NY: What’s the best secret you’ve discovered about applying makeup? 

AT: When I was younger I thought of makeup as putting tons on, especially when I was in middle school. I learned that it’s better to be natural and if you want to do a crazy color, there’s a way to do it. The reason I called it Illuminate is I feel like makeup is supposed to illuminate you. It’s supposed to enhance your natural beauty. I am someone who loves a glowy, beachy look.

Fadil Berisha
Fadil Berisha

NY: Tell us about your role as creative director for Signorelli.

AT: We expanded the T-shirt line for Fall 2016 into layering and jackets. So we’re heading into more pieces in the line, which was always the goal. [Signorelli] has been allowing me to be free and to be the creative director of that. Just the fact that I was like, “I think we need to change up the logo,” and it was me on a computer just playing with different fonts. I found this brush stroke font and I loved it, and so they were just like, “Okay.”

NY: You know, that’s good because a lot of people think, “Oh, she’s just putting her name there,” but that doesn’t sound at all like your M.O.

AT: No, there’s a lot of hard work that comes with everything that I do. Anything I’ve endorsed in the past, it’s always something that I use, or needs to make sense. I’m not just going to put my name on something, but specifically with the clothing and with the makeup and obviously production, it’s a piece of me.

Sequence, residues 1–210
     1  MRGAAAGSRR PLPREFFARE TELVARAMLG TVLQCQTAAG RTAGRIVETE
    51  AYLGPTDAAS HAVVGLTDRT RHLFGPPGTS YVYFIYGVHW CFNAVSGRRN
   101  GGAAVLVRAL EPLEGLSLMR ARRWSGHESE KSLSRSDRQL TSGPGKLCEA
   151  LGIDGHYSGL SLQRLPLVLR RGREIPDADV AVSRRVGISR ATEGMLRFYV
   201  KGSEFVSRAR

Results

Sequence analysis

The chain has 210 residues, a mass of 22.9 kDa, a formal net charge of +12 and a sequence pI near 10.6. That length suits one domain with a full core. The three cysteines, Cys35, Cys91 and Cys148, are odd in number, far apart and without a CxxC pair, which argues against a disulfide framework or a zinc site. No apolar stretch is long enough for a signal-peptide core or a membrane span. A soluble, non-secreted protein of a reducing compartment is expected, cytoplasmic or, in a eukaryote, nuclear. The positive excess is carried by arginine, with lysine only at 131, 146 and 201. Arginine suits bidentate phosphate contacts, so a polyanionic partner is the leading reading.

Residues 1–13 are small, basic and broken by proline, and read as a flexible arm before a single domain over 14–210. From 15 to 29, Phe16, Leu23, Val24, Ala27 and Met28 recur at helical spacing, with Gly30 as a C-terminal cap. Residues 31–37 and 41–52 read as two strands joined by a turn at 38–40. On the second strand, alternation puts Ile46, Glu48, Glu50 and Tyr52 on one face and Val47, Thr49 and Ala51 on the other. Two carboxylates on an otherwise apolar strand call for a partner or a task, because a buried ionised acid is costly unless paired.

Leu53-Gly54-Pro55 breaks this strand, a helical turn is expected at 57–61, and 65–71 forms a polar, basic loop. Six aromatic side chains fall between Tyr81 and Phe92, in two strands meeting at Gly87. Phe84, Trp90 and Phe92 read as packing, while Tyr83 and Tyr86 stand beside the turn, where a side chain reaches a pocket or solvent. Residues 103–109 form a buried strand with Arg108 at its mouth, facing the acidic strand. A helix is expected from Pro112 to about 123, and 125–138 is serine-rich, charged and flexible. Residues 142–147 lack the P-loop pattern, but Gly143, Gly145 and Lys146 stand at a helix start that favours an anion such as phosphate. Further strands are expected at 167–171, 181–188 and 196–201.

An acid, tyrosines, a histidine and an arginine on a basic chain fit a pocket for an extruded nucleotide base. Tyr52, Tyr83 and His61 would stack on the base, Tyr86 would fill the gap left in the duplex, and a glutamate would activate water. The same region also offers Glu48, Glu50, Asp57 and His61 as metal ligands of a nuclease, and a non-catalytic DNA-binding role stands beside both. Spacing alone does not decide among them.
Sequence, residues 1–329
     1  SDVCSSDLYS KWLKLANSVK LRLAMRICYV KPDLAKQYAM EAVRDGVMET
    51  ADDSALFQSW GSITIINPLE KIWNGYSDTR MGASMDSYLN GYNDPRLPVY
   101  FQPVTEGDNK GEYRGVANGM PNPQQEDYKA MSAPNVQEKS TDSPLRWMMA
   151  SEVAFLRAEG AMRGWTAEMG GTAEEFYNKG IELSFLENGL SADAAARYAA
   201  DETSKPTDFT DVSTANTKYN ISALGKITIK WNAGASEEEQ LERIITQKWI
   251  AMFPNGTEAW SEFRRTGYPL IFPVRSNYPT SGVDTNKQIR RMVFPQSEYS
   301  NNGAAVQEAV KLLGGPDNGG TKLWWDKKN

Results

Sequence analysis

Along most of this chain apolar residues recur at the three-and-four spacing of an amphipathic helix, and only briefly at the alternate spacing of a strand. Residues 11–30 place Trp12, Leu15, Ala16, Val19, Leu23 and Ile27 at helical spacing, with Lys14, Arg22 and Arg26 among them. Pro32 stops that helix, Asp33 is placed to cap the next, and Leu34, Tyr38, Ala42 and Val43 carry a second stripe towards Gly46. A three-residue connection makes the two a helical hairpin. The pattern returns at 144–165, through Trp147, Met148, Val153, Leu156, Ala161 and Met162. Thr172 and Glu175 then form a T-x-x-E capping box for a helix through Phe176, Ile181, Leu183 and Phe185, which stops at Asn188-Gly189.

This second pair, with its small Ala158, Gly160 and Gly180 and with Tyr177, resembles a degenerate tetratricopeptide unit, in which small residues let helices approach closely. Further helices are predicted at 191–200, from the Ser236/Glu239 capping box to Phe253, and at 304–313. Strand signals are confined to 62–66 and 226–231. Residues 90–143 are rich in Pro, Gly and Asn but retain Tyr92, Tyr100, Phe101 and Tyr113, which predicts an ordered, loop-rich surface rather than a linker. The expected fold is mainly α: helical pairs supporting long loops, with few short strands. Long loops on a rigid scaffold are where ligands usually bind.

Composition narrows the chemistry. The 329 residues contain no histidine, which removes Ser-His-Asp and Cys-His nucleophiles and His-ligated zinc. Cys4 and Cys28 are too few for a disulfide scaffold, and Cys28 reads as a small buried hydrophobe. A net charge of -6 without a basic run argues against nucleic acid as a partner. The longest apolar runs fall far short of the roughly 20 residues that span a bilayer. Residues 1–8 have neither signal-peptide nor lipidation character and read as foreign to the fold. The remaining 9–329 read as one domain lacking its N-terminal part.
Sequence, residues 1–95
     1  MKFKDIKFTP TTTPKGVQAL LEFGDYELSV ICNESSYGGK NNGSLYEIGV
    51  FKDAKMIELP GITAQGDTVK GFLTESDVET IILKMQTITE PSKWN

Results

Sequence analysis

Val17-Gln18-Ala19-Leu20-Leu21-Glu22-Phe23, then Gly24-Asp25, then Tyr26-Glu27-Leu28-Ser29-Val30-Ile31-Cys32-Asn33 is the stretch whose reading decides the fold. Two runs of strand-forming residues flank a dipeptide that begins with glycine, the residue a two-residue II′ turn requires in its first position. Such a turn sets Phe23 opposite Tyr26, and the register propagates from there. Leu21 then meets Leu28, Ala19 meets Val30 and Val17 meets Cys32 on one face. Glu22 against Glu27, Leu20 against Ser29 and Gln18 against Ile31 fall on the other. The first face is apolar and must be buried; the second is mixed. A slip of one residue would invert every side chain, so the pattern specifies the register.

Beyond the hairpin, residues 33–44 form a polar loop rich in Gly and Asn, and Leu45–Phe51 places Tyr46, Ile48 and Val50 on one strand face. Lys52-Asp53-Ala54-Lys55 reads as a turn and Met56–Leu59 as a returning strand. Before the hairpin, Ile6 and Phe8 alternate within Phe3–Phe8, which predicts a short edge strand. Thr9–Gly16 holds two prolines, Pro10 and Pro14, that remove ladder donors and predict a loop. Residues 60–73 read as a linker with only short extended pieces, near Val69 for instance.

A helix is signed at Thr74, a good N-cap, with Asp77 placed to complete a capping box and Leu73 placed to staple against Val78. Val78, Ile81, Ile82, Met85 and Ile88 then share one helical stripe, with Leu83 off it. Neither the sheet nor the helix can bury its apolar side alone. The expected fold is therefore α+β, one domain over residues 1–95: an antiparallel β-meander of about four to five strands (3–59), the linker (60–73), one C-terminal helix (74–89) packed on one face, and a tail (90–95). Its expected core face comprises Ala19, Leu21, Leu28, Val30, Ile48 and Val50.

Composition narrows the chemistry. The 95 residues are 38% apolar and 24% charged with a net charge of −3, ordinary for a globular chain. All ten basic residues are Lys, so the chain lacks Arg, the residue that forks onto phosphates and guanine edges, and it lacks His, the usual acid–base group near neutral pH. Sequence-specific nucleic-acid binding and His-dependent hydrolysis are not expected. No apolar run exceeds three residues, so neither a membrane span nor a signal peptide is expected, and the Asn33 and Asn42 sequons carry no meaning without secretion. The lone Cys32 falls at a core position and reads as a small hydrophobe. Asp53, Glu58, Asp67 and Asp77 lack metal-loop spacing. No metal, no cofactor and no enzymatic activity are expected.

NY: Tell us about your role alongside Jason Biggs in the independent comedy Amateur Night, directed by Lisa Addario and Joe Syracuse.   

AT: I am one of the prostitutes. It’s based on a true story; the director’s story. I always love challenging myself as an actress and in this part of my life right now, I just like to do things that people don’t expect from me. So when I heard about the character, Fallon, that she is a real person who is a prostitute and who was saying that the women weren’t victims… It was their business and that it was very much the card that they were dealt and they decided to be businesswomen about it. Fallon is grungy and a rocker. I drew on [the  music of singer and rapper] Kesha. I listened to her music before I would get to set and it brought me into that moment.

NY: What did you take away from this role?

AT: One of the lessons I learned was being free and just going for it rather than being scared. I think a lot of the time, we’re like, Oh, I wonder what people are going to think about this role? or I wonder how this is going to come out? Amazing things come when you get out of your comfort zone.

NY: What have you learned as an executive producer?

AT: I’ve had the company [Blondie Girl] for around eight years. When I first started, I just knew I wanted to produce because I have a lot of ideas. So I teamed up with a producing partner and through the years I learned as a producer. Young & Hungry is one of the first scripted shows out of the company and it’s been really successful. We’re going into season four right now. I really found my voice there because we were producing a lot of unscripted stuff. I just really grabbed onto it because I grew up in that world. Being a producer is just being hands-on from the very beginning to the end, it’s not just creating a character.